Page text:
Ethics – the forgotten heart of governance
Ethical decision-making is what everyone wants from the public sector. Has the pandemic moved ethics more into the open as essential to good governance? A Commission roundtable on governance during the pandemic found mixed evidence on this issue. Our contributors described how their organisations had to make numerous, highly consequential decisions over a short period of time, with many not explicitly engaging with ethical concerns.
We are most used to thinking about ethical questions when ethics is the sole component of decision-making – the issue of who gets treatment when services are over-run being the most topical this year.
Yet ethics are, or at least should be, everywhere in our decision-making, particularly in the public sector. As our roundtable uncovered, boards and leaders are making decisions with ethical dimensions in all areas of the public sector, without even realising it.
The need for ethical frameworks
Making ‘ethical’ decisions is often not about having one course of action that leads to an ethical result, but rather is a process which satisfies all the possible considerations a board could have and means that the process, and therefore the decision, was ethically made. To ensure these considerations are made, boards can employ ethical frameworks, which are sets of principles and behavioural standards that help organisations decide how to act.
Although some organisations do have such frameworks, the gravity of decisions made during the pandemic has underlined the need for these across the public sector. Indeed, ethical frameworks are not only necessary in times of crisis. The present pandemic has raised the salience of these concerns and highlighted the need for us to made long-term adjustments to our decision-making.
While organisations may need to choose the specific emphasis of their ethical framework based on their service or location, the idea that they should be instituted explicitly across the public sector raises the wider question of how this can be achieved.
The nuances of ethics sit very poorly with rigid central government diktats. Indeed, the complex, specific and dynamic nature of decisions, of which ethics is a core part, would likely fast outpace any regulatory requirements. Mandating ethical frameworks requires regulation to be more sophisticated than just a tick-box exercise.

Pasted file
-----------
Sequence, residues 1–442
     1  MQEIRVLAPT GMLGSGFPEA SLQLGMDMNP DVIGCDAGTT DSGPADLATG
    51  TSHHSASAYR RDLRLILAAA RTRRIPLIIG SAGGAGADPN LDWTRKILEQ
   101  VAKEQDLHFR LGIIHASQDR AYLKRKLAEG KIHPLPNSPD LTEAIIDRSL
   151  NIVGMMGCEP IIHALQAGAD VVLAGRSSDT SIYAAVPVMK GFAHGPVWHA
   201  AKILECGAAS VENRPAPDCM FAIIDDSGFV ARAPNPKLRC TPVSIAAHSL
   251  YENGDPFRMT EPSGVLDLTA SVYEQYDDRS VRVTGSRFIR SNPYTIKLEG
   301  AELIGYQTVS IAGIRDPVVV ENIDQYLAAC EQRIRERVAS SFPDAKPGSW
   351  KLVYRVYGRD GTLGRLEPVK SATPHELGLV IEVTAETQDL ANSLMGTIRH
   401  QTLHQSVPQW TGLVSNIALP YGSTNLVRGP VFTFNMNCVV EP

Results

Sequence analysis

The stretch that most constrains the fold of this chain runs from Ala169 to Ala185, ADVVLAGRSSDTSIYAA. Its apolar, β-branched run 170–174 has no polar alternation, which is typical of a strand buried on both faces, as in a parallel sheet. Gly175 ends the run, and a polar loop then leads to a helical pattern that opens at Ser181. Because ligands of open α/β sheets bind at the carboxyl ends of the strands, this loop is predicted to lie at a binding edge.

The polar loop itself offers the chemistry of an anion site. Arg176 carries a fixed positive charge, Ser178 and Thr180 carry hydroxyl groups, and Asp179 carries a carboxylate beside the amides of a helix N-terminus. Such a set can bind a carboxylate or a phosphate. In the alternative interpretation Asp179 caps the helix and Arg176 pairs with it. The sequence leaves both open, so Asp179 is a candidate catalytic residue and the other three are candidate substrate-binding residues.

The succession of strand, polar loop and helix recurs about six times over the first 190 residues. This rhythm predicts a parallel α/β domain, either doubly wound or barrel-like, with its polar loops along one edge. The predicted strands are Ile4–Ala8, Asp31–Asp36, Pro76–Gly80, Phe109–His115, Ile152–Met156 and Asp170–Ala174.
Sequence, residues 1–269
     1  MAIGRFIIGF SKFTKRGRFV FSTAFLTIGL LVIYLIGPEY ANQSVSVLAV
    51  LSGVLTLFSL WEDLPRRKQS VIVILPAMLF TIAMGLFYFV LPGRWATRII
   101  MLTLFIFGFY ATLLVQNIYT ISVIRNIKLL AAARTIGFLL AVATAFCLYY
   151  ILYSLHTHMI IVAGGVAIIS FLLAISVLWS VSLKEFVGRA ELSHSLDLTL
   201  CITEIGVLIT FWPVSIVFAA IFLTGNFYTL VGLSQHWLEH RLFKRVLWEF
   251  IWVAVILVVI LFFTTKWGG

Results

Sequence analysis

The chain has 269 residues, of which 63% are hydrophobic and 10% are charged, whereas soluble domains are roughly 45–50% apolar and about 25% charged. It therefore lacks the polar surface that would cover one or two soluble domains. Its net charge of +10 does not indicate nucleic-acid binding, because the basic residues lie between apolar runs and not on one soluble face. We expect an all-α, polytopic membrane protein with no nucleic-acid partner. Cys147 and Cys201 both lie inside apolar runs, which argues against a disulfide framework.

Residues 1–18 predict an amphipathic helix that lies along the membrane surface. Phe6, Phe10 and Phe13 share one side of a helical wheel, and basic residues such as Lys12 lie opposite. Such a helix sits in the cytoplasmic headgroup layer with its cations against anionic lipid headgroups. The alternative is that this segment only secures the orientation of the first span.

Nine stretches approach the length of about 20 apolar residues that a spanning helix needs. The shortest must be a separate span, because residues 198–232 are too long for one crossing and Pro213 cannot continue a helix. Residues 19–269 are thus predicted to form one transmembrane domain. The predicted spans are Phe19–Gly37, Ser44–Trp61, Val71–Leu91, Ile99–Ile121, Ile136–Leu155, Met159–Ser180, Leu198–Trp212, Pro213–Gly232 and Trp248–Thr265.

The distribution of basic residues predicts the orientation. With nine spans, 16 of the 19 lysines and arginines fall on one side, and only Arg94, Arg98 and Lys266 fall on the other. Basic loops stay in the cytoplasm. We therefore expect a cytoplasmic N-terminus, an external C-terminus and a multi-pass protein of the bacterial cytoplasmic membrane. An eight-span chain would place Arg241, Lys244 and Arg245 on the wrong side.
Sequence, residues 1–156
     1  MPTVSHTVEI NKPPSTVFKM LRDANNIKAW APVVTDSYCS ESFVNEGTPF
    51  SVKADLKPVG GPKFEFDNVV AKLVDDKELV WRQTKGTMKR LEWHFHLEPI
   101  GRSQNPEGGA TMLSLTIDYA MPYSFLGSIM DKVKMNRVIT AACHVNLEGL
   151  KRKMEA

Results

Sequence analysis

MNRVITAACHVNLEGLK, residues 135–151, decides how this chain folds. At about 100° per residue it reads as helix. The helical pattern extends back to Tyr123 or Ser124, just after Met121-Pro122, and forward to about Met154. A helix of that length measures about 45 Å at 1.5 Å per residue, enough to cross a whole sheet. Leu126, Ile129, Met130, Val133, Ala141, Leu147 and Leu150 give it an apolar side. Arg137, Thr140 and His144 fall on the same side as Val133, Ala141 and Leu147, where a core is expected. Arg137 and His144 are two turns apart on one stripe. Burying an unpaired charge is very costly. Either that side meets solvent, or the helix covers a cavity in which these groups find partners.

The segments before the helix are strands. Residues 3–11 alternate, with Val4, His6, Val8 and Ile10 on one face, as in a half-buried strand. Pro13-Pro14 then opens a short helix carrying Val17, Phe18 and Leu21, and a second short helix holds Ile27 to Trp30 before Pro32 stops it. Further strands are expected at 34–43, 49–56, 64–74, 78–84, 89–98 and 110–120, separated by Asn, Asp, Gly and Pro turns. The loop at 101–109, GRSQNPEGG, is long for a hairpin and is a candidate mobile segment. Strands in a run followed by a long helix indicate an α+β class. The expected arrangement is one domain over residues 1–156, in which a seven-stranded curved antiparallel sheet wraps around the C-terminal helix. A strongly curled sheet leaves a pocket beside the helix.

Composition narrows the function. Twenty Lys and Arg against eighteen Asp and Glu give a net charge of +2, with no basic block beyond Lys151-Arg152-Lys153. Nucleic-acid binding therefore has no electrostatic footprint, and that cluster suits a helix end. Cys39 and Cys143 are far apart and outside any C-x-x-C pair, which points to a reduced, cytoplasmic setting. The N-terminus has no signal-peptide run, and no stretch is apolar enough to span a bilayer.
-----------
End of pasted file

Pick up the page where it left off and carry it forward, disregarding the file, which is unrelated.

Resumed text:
Flexible and values-driven
Instead, this process will have to be guided by something more flexible and values-driven. This ‘principles-based’ approach to regulation means a move away from detailed and prescriptive compliance check-lists to a broader set of standards. As such, organisations would be given broad-base standards which allow them to account for the specifics and complexities of the ethical dimensions of any given decision, something a rigid regulatory approach may fail to capture.
These methods could provide a model for regulation over the next decade and beyond. Particularly as regulatory challenges become more complex in areas such as AI and machine learning, specific regulatory requirements may be unable to keep pace with the rapidly changing ethical demands these will place on public sector leaders.
Not only is there a need for ethical frameworks, but if they are introduced, the centre needs to give organisations the responsibility, flexibility and autonomy to make these their own, while providing the values and light touch to steer them on their way.
- Ethical dimensions of decision-making persist across almost all decisions made by organisations.
- Ethical frameworks can help guide boards through a process which enables them to know their final decision has satisfied ethical considerations.
- The regulation of these frameworks necessitates a more agile system of compliance than currently exists in most sectors.